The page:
Only recently have I started to think a great deal about the history of cancer or the oncologists and patients that have come before me. I developed a fascination with these topics while watching the PBS miniseries Cancer: The Emperor of All Maladies. This three part series skillfully explores the medical and scientific aspects of cancer; even more impressive is the wonderful job that the producers have done of delving into its history and politics.
The creators of the groundbreaking television documentary based their project on a strong work of non-fiction by renowned oncologist and award winning journalist Siddhartha Mukherjee. Both the PBS documentary and Mukherjee’s Pulitzer Prize winning volume have one overriding theme. They bring to light that our current generation’s experience with cancer represents only a momentary chapter in an epic battle spanning thousands of years.
The Emergence of Modern Cancer Surgery
When I was diagnosed with fairly advanced cancer in my uterus and right ovary, the first, and most essential, part of my medical treatment involved surgery. I literally owe my life to the skill of my pelvic cancer surgeons and to the sophisticated surgical techniques available in the 21st century. Ovarian cancer is still the most serious of all women’s cancers, and the survival rates can be quite grim—the positive news is that the outlook has improved in recent decades, largely due to better surgical procedures.
For centuries surgery to remove cancerous tumours wasn’t a viable option, as the medical technology wasn’t yet available. In extremely rare cases a physician would attempt to cut out a cancerous growth. However, the circumstances would have been barbaric by today’s standards. There was no method to properly anesthetize patients and they were frequently operated on while conscious, in addition there was no use of modern antiseptics to keep the surgical wounds from becoming infected.
The late 19th century witnessed the origins of present-day cancer surgery. Anesthetics such as either were discovered and this made lengthier, more complex operations possible. Procedures such as the radical mastectomy for breast cancer were successfully devised and implemented during this era. As a matter of fact, the medical community firmly believed that it was possible to cure cancer through surgery alone. The nature of how cancer spreads to distant sites in the body wasn’t yet well understood. Most experts mistakenly believed that its recurrence months or years after surgery was strictly due to not taking out enough tissue, reappearance of the disease was caused by the growth of fragments of the principle tumour that were left behind.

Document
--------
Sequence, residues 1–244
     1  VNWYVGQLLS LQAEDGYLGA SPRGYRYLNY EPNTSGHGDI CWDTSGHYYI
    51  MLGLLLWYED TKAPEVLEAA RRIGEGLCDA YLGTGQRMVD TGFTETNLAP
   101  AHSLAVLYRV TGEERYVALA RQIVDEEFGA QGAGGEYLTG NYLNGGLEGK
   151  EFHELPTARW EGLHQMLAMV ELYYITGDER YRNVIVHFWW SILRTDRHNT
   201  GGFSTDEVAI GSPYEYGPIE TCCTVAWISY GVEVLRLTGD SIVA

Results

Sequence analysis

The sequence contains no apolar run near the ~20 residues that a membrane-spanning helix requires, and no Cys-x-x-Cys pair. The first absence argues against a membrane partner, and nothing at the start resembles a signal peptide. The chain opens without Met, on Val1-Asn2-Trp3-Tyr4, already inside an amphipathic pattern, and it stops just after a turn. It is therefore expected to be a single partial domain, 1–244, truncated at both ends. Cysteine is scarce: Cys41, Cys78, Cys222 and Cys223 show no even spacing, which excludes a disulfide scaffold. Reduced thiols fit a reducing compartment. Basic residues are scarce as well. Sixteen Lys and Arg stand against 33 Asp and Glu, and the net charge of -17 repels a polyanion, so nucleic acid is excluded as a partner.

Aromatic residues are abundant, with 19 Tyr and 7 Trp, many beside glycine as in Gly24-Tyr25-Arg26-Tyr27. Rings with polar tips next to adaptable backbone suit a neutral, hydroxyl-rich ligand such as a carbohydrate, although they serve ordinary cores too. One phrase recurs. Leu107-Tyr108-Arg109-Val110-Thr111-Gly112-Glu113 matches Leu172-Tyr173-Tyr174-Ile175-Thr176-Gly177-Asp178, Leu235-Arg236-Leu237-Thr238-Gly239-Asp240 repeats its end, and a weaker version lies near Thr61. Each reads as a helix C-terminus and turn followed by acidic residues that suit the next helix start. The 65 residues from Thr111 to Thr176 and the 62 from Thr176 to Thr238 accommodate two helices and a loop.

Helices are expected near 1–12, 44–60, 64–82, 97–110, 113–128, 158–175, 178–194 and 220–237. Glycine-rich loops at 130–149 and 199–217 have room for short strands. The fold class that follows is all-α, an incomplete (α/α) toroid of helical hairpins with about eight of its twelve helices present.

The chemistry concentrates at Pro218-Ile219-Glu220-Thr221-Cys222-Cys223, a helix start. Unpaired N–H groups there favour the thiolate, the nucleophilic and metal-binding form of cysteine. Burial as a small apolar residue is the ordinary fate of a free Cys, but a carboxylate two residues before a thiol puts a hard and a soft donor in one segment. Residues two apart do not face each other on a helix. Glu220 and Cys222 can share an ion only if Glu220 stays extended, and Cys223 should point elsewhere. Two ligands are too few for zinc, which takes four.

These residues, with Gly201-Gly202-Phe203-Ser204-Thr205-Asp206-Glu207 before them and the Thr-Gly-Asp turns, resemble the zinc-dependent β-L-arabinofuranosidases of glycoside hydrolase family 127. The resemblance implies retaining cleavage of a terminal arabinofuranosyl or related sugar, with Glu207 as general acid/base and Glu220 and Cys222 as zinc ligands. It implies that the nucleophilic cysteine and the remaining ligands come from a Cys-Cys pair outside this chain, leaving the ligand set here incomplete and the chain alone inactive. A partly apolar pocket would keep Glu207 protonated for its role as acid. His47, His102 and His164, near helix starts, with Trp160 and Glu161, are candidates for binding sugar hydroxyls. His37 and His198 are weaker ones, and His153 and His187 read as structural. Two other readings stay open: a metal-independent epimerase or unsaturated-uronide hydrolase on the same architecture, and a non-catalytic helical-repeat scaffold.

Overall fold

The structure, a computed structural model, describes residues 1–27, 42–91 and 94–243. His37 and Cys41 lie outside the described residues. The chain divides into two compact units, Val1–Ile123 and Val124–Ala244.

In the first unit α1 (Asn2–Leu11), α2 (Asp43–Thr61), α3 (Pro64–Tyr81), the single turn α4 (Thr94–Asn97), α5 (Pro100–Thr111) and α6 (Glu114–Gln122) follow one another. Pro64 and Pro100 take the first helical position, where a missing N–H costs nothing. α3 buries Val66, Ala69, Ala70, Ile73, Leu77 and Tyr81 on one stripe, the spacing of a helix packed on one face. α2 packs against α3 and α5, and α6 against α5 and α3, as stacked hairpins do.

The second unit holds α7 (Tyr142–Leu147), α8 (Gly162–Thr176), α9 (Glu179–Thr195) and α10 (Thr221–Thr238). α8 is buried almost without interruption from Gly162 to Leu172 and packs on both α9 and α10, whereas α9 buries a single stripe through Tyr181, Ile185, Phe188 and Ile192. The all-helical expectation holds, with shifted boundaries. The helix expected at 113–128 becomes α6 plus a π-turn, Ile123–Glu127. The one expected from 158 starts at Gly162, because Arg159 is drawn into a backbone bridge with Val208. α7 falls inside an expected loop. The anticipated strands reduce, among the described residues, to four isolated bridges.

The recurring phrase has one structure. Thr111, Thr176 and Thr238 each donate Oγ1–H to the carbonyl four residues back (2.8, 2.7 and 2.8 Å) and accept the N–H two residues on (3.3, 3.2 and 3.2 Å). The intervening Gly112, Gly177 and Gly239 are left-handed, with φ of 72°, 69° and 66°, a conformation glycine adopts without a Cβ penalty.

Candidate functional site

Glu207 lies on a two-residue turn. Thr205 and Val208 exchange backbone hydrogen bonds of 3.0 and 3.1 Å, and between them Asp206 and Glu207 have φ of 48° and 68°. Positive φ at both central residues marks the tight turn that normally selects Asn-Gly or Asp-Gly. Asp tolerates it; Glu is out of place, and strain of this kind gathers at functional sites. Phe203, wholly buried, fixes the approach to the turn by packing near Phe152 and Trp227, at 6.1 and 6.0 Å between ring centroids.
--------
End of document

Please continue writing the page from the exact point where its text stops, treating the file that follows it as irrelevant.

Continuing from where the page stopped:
The Development of Chemotherapy
The nature of metastasis is much better understood today and a patient with gynecological cancer, such as myself, is routinely offered chemotherapy following surgery. Of course only in the past 40 or 50 years have powerful chemotherapy drugs been introduced to the arsenal in the war against cancer. Oncologist Sidney Farber (1903-1973) is considered by most historians to be the father of chemotherapy. Farber and his team in Boston began trials on children with leukemia in the late 1940s. At this time leukemia was still a death sentence for any child diagnosed with the disease.
Farber’s new therapy was almost miraculous in the sense that it led to remission in many of his young patients. Some of the children, including a patient named Robert Sandler, had their lives extended by months after the potent chemicals were administered to them. The leukemia would virtually disappear and they would momentarily resume an active childhood. Throughout the 1950s and 60s, Farber continued to make advances in cancer research, notably the 1955 discovery that the antibiotic actinomycin D and radiation therapy could produce remission in Wilms’ tumor, a pediatric cancer of the kidneys.
What the Future Holds
As I battle ovarian cancer I try to be realistic about how far treatment has come, I know there is still an extremely long way to go in the war against this insidious disease. Over the last two decades, the five-year survival rate for patients with ovarian cancer has improved significantly. Yet, according to the experts, no more than 30 per cent of long-term ovarian cancers are currently being cured. Oncologists admit that they are facing enormous challenges. While surgical advances and new treatment approvals, including Lynparza (olaparib) and Avastin (bevacizumab), have improved the outlook for ovarian cancer patients, late diagnosis and tumour resistance remain as the two most significant barriers in overcoming the disease.
Meanwhile, the medical community is continuously developing new treatments for cancer, one of the most promising is called immunotherapy. For decades oncologists have known that the immune system plays an important role in certain types of cancer. They noted that there were rare spontaneous remissions of cancer without treatment and they suspected that this was because the immune system was attacking the tumour. Immunotherapy is designed to boost the body’s natural defenses to fight the cancer. Medical specialists use materials either made by the body or in a laboratory to improve, target, or restore immune system function.
At the present time it isn’t entirely clear how immunotherapy works against cancer, it may function by stopping or slowing the growth of cancer cells, stopping cancer from spreading to other parts of the body, or helping the immune system increase its effectiveness at eliminating cancer cells. There are currently several types of immunotherapy in use, including monoclonal antibodies, non-specific immunotherapies, and cancer vaccines.